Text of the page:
A life care planner serves as a case manager that provides a plan for current and future care of the catastrophic patient that is both medically reasonable and necessary. It is this author's opinion that a life care planner should be involved early in the management of a spinal cord injured patient with associated injuries. Insurance companies and other payer sources will often argue that spinal cord injured with associated injuries such as long bone fractures, surgical wounds, ventilator dependence, and amputations will make acute rehabilitation impossible. It is this author's opinion that this is not true. Daily medical supervision by a physiatrist, coordinated physical and occupational therapy, speech therapy, psychological services, rehabilitation nursing and other services will improve both functional and medical outcomes while decreasing avoidable complications. As the patient improves, the physiatrist will alter the treatment plan. It is the role of the life care planner to educate the medical providers on the most appropriate discharge disposition where the patient receives the best level of care to meet the unique medical and rehabilitation needs going forward.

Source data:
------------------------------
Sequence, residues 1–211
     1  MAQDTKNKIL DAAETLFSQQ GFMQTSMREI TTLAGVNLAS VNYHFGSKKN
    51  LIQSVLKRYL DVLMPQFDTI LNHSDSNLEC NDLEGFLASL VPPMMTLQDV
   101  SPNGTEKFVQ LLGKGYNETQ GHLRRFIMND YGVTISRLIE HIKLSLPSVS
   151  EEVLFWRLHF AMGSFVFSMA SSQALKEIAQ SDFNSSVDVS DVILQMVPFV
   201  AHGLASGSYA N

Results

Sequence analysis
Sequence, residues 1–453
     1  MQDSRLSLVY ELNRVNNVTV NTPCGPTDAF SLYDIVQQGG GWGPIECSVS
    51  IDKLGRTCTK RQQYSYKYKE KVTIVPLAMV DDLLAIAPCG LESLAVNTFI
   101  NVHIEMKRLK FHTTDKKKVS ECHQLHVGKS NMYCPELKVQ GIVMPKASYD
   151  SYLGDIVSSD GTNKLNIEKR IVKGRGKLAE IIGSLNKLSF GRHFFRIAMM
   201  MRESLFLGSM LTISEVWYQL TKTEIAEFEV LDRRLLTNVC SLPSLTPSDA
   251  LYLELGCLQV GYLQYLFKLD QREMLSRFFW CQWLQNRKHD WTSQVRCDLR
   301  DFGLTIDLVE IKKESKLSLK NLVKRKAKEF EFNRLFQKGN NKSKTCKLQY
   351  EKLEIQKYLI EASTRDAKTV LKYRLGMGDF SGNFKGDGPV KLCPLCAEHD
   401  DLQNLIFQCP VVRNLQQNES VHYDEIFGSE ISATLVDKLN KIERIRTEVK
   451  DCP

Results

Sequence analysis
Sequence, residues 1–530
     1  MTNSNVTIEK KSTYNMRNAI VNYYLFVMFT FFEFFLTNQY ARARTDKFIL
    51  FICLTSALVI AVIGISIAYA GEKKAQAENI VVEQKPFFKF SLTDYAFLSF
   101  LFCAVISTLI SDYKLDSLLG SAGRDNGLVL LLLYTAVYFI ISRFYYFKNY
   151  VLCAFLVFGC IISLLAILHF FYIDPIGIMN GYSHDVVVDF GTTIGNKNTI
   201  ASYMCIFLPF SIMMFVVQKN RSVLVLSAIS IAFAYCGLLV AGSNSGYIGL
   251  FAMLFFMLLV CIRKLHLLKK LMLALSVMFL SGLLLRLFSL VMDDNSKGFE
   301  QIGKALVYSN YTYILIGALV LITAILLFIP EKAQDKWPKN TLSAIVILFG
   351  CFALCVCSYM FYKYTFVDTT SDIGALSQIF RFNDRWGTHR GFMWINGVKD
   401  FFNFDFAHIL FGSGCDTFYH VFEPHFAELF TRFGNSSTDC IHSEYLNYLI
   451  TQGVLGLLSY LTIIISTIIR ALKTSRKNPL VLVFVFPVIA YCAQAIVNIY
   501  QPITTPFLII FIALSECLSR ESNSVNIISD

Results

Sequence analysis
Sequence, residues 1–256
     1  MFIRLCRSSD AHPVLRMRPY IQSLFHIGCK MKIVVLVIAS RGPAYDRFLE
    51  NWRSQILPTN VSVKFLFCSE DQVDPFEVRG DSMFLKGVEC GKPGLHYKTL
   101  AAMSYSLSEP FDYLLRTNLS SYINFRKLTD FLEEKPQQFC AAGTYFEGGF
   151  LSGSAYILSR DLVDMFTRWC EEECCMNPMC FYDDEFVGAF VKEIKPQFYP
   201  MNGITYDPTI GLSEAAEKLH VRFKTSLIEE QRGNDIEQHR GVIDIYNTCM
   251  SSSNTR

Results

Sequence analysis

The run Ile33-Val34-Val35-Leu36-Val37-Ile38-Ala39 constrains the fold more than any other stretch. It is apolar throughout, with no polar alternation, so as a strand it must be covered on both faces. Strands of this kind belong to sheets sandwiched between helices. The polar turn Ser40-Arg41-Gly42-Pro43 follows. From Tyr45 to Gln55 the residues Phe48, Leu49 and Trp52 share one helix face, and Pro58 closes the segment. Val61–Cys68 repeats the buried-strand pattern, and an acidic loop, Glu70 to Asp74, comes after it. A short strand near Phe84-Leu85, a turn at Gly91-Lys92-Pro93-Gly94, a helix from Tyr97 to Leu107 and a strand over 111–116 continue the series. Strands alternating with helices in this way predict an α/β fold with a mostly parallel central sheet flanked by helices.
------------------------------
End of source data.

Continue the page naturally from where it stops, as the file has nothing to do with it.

A lawyer must prove past and future economic and noneconomic damages. Past damages may include medical costs and lost wages. Future damages include medical costs that are reasonable and necessary in the management of a patient that are related or were proximately caused (defined as a substantial factor) for the negligent (careless) acts of a wrongdoer. Future lost wages can be calculated by the actual lost wages multiplied by the life expectancy of a the permanently injure client or they can be calculated by determining the client’s lost “earning capacity”. Experts in economics and qualified life care planners are necessary to prove these damages, and in a serious case with permanent injuries, it can be assured that the insurance company on the other side will have their own experts to rebut the client’s experts. These are critical witnesses in a permanent, serious injury case. Future medical costs of associated injuries requires a knowledge of the client, an intimate knowledge of the medical history of the client, and a thorough understanding of all injuries and how those injuries are effected by both the disability and the injury. For example, a spinal cord injured patient from the waist down will likely require an electric wheel chair after an accident because their shoulders will be exposed to excessive wear and tear from transfers and wheel chair mobility. If this patient sustained a dislocated shoulder during the accident it is likely reasonable and necessary that at some point they will require orthopedic surgery on the shoulder, will require electric wheel chairs at an earlier age, and likely increase aid and attendant care as they age and around the time of the future surgery. All of these issues have costs and the client has a right to be fairly compensated for anything medically necessary and appropriate and reasonably foreseeable to be required.